Indian Plastics Sector Seeks More Tariffs

The Indian plastics sector is increasingly asking for higher tariffs and more government support against imports, particularly from Plasticscompetitors in Southeast Asia and China, as it copes with the country’s slowest economic growth rates in a decade.

One of the country’s largest polymer trade associations, the All India Plastics Manufacturers’ Association, for example, used public forums at a recently held exhibition to repeatedly urge the government to impose 20 percent tariffs on imported plastics products from the ASEAN countries and China.

The trade show, held in mid-December in Mumbai, was full of executives talking about the long-term potential of India, which projects to double its polymer consumption to 20 million metric tons by 2020.

But alongside that optimism, executives from all segments of the industry, including materials, machinery and processors, stepped up their calls for higher tariffs to, in their words, level the playing field against unfairly priced imports.

The head of India’s plastic machinery trade group, for example, said he expected the government to renew the steep antidumping duties on Chinese-made injection machines when they expire later this year.

As well, India’s resin manufacturing industry recently secured an increase in tariffs on imported materials, from five percent to 7.5 percent, although other local groups, like Mumbai-based AIPMA, strongly opposed it saying it raised costs for the country’s injection molders and other processors. The smaller industry segments were also raising the call.

Arvind Mehta, Chairman, AIPMA’s Governing Council, said that 90 percent of the Indian processing companies are small and medium-sized firms. He argued that free trade agreements with the Association of Southeast Asian Nations disadvantaged Indian firms with duty-free imports.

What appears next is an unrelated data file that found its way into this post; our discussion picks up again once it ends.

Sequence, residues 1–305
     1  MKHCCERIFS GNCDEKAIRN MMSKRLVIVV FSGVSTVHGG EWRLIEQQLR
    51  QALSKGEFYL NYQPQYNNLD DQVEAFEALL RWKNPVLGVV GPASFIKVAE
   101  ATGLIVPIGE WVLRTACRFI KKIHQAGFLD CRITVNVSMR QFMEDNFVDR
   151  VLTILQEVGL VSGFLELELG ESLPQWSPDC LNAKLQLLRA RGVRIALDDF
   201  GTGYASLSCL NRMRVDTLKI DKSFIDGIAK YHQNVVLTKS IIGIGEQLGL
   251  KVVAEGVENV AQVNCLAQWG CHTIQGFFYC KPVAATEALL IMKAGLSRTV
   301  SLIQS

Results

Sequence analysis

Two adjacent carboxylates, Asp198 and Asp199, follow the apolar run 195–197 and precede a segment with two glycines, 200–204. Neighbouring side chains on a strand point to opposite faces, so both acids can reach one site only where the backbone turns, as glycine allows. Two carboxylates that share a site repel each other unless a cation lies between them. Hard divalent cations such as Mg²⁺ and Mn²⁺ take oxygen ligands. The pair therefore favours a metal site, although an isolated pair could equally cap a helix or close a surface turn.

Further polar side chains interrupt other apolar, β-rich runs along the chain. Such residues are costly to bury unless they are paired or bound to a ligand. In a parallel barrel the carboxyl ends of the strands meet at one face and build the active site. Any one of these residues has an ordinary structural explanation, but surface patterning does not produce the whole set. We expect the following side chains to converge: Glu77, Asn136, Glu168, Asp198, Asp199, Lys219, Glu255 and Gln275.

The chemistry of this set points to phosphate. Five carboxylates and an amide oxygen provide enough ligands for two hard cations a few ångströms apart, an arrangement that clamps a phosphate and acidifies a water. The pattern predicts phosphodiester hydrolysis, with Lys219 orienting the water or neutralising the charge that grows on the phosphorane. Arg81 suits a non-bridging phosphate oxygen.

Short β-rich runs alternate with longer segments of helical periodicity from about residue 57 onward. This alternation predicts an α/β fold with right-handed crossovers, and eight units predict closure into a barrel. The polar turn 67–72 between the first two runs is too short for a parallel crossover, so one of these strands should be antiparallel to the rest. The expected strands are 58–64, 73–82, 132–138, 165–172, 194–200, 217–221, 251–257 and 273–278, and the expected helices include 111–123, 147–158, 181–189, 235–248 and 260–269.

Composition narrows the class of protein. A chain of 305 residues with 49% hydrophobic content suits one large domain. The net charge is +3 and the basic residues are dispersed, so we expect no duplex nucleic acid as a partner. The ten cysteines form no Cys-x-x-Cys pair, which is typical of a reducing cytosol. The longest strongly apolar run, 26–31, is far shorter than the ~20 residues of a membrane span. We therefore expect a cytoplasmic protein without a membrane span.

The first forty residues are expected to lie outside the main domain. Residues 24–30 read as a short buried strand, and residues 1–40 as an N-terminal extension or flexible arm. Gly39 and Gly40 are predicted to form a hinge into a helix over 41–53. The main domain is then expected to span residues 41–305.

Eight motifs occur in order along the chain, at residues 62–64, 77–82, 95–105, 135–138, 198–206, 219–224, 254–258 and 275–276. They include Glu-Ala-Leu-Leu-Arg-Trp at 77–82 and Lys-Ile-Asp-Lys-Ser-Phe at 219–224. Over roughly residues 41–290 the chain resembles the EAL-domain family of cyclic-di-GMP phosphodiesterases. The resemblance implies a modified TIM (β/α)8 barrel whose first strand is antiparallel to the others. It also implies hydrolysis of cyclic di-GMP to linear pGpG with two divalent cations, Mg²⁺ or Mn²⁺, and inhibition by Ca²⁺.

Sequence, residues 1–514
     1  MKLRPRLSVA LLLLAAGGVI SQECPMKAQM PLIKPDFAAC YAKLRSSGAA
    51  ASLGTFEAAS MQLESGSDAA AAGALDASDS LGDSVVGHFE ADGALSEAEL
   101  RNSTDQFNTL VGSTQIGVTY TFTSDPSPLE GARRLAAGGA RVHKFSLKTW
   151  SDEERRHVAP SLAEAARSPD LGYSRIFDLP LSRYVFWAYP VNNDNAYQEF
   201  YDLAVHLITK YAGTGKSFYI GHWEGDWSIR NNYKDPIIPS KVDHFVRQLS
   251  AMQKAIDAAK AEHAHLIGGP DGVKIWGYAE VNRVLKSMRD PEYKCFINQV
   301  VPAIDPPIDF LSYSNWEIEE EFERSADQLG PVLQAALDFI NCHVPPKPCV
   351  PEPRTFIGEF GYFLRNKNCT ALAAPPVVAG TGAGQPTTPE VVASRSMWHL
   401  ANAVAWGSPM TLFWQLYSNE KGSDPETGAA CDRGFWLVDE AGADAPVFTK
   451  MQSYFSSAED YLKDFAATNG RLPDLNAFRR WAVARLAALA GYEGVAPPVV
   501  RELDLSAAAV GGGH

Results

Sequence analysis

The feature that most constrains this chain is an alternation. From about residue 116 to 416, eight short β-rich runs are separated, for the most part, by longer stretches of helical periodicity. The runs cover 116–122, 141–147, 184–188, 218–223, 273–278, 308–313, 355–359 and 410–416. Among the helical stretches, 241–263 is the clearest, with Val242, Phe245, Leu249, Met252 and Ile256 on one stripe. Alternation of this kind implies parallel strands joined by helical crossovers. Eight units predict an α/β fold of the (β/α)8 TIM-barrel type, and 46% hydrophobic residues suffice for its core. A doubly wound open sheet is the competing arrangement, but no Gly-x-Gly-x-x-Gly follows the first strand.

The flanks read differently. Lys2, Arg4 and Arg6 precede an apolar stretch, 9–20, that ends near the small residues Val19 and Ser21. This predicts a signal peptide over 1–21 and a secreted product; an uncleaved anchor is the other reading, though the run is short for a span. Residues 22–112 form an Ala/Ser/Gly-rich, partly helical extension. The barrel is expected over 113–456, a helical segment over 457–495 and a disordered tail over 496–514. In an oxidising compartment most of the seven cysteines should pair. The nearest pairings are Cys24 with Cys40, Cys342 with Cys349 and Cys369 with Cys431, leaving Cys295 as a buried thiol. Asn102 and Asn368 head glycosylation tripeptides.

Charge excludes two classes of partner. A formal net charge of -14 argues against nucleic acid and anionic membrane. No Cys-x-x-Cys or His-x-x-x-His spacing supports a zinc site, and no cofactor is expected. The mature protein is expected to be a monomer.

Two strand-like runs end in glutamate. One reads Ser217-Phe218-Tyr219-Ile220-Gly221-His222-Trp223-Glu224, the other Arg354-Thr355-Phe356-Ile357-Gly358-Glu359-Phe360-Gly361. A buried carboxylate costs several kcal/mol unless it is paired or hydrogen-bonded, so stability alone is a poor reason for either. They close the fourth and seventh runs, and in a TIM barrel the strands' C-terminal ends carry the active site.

“Now, with the signing of the FTAs with ASEAN and like that, a lot of plastic goods are coming in and that is hurting our business,” he said. “We are paying the taxes to the government at the rate of 7.5 percent or 8 percent. That is the difference.”

“We are not against imports,” he said. “We are demanding a level playing field by which our industry can survive.”

AIPMA first issued its call for tariffs on finished plastic products in September 2013 as part of a broad call for more government help, including rolling back tariffs on imported plastic resin. At the time, they said the weakening rupee had made imported materials much more expensive.

Avinash Joshi, the joint secretary of the government’s Department of Chemicals and Petrochemicals, said the ASEAN trade pacts have been very balanced in imports and exports for the country. That echoed recent interviews from more senior officials in Indian media that said the deals have boosted trade volumes.

He said the Indian industry has problems like the small size of its companies and should to take action to improve itself- “R&D is one. We are hardly spending anything.”

Joshi said the government, too, needed to do more to improve infrastructure, specifically noting complaints from the plastics sector about India’s ports.

In spite of those government comments defending the trade deals, the head of the Plastics Machinery Manufacturers Association of India said he expected the government to renew the tariffs on Chinese-made injection molding machines first imposed in 2009.

“Absolutely,” said Mahendra Patel, Chairman, Mamata Machinery Pvt. Ltd., when asked if he expected renewal. “We know because we have reported very strongly and we have all positive signals.”